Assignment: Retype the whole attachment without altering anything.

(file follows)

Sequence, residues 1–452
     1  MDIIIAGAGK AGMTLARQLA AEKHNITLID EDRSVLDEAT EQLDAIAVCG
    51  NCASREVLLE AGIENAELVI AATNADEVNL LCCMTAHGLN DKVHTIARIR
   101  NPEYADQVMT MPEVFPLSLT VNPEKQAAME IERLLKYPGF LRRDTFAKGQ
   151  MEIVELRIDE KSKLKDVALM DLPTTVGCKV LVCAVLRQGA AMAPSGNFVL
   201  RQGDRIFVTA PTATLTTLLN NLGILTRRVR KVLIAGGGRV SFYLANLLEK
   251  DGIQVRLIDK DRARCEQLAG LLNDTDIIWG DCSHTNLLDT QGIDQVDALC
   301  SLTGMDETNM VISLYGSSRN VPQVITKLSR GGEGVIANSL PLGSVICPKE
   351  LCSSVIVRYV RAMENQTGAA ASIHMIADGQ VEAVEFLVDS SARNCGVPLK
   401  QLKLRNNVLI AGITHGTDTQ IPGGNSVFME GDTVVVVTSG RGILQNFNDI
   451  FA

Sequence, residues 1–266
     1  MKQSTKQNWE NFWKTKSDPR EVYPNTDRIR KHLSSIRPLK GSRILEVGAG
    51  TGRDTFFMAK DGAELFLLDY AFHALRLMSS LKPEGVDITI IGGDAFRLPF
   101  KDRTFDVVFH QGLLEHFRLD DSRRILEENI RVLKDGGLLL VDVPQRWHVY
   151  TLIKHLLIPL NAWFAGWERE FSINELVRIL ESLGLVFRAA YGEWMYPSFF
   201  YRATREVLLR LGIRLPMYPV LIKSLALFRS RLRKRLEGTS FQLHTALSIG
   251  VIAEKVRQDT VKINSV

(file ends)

Sequence, residues 1–452
     1  MDIIIAGAGK AGMTLARQLA AEKHNITLID EDRSVLDEAT EQLDAIAVCG
    51  NCASREVLLE AGIENAELVI AATNADEVNL LCCMTAHGLN DKVHTIARIR
   101  NPEYADQVMT MPEVFPLSLT VNPEKQAAME IERLLKYPGF LRRDTFAKGQ
   151  MEIVELRIDE KSKLKDVALM DLPTTVGCKV LVCAVLRQGA AMAPSGNFVL
   201  RQGDRIFVTA PTATLTTLLN NLGILTRRVR KVLIAGGGRV SFYLANLLEK
   251  DGIQVRLIDK DRARCEQLAG LLNDTDIIWG DCSHTNLLDT QGIDQVDALC
   301  SLTGMDETNM VISLYGSSRN VPQVITKLSR GGEGVIANSL PLGSVICPKE
   351  LCSSVIVRYV RAMENQTGAA ASIHMIADGQ VEAVEFLVDS SARNCGVPLK
   401  QLKLRNNVLI AGITHGTDTQ IPGGNSVFME GDTVVVVTSG RGILQNFNDI
   451  FA

Sequence, residues 1–266
     1  MKQSTKQNWE NFWKTKSDPR EVYPNTDRIR KHLSSIRPLK GSRILEVGAG
    51  TGRDTFFMAK DGAELFLLDY AFHALRLMSS LKPEGVDITI IGGDAFRLPF
   101  KDRTFDVVFH QGLLEHFRLD DSRRILEENI RVLKDGGLLL VDVPQRWHVY
   151  TLIKHLLIPL NAWFAGWERE FSINELVRIL ESLGLVFRAA YGEWMYPSFF
   201  YRATREVLLR LGIRLPMYPV LIKSLALFRS RLRKRLEGTS FQLHTALSIG
   251  VIAEKVRQDT VKINSV